The English Constitution
A classic study of the British constitution, paying special attention to how Parliament and the monarchy work. The author frequently draws comparisons with the American Constitution, being generally critical of the American system of government.
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If the revolution is powerful enough and eager enough to make an immense
number of life peers , probably it will sweep away the hereditary principle in the
Upper Chamber entirely . Of course one may fancy it to be otherwise ; we may ...
I confess that I should see no advantage in it if our two Chambers were
sufficiently homogeneous and sufficiently harmonious . On the contrary , if those
two Chambers were as they ought to be , I should believe it to be a great defect .
... of the Chamber , is M . Thiers guided as a similar person in common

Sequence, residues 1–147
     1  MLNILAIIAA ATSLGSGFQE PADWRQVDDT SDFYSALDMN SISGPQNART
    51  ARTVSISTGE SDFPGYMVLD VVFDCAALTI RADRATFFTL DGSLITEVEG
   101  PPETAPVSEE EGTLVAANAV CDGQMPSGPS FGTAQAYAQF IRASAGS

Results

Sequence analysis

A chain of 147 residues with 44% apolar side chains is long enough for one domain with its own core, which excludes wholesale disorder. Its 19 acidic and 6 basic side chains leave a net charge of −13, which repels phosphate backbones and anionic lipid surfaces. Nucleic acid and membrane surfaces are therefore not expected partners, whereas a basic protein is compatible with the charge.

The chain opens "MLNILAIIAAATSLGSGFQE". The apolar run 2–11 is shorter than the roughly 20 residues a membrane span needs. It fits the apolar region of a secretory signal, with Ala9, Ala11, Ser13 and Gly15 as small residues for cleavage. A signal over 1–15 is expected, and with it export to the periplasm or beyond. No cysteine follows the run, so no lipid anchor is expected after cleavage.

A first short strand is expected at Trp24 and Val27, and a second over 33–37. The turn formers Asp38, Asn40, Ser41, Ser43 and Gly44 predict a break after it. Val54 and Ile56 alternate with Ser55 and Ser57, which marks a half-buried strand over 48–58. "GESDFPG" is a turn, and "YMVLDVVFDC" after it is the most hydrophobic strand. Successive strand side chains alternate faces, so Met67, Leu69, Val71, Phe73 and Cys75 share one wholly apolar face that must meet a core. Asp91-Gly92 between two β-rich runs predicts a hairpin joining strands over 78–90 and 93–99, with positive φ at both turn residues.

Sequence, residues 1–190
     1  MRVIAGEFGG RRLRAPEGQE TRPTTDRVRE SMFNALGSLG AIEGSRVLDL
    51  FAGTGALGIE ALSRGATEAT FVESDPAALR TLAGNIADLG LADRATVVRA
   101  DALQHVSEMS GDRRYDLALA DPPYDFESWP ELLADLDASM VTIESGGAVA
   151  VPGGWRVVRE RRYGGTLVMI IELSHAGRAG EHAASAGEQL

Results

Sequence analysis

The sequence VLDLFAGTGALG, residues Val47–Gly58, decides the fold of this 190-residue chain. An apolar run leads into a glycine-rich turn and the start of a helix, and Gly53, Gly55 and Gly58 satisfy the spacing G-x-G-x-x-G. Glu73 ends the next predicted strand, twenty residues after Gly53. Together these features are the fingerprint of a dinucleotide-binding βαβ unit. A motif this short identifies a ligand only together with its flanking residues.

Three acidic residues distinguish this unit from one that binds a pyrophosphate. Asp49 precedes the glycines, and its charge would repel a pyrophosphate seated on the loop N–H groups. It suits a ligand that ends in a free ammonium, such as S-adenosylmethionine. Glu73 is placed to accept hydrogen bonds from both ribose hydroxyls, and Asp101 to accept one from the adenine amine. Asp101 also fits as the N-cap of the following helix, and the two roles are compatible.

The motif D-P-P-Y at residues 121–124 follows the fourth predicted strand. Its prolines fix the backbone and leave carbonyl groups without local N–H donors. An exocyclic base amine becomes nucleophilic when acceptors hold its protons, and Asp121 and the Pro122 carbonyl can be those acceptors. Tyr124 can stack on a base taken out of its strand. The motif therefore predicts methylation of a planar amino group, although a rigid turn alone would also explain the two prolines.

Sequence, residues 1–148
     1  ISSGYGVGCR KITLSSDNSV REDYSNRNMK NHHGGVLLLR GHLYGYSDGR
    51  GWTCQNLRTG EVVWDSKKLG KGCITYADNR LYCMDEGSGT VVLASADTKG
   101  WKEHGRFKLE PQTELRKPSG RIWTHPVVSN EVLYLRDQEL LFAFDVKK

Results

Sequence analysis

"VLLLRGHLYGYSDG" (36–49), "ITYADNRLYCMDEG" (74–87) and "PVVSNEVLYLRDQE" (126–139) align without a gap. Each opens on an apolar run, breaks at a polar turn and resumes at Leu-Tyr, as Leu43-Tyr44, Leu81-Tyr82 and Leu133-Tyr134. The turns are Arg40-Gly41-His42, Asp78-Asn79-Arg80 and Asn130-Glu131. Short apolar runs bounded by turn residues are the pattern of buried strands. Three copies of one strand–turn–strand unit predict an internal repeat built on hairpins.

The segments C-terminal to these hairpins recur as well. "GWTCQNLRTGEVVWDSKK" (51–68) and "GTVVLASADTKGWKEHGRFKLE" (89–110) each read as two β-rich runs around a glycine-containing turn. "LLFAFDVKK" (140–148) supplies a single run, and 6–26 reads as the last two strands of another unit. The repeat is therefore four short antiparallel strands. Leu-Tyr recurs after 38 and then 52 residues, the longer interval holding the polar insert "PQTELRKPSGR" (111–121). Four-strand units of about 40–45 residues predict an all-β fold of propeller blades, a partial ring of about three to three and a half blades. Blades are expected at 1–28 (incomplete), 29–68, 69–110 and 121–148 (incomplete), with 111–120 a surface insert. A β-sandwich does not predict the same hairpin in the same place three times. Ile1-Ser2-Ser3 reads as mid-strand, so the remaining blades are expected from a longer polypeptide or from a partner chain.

circumstances would have to be guided . He is the exception of a moment ; he is
not the example of a lasting condition . For these reasons , though we may use
the present ...
A legislative chamber is greedy and covetous ; it acquires as much , it concedes
as little as possible . The passions of its members are its rulers ; the law - making
faculty , the most comprehensive of the imperial faculties , is its instrument ; it will
The names of levée and drawing - room still sustain the memory of the time when
the king ' s bed - chamber and the queen ' s “ withdrawing room ” were the
centres of London life , but they no longer make a part of social enjoyment : they
are a ...
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LibraryThing ReviewUser Review - patito-de-hule - LibraryThing
Walter Bagehot was editor of the Economist and his name is still on the weekly page about England. This book describes the English Constitution and compares it favorably with the United States Constitution. Read full review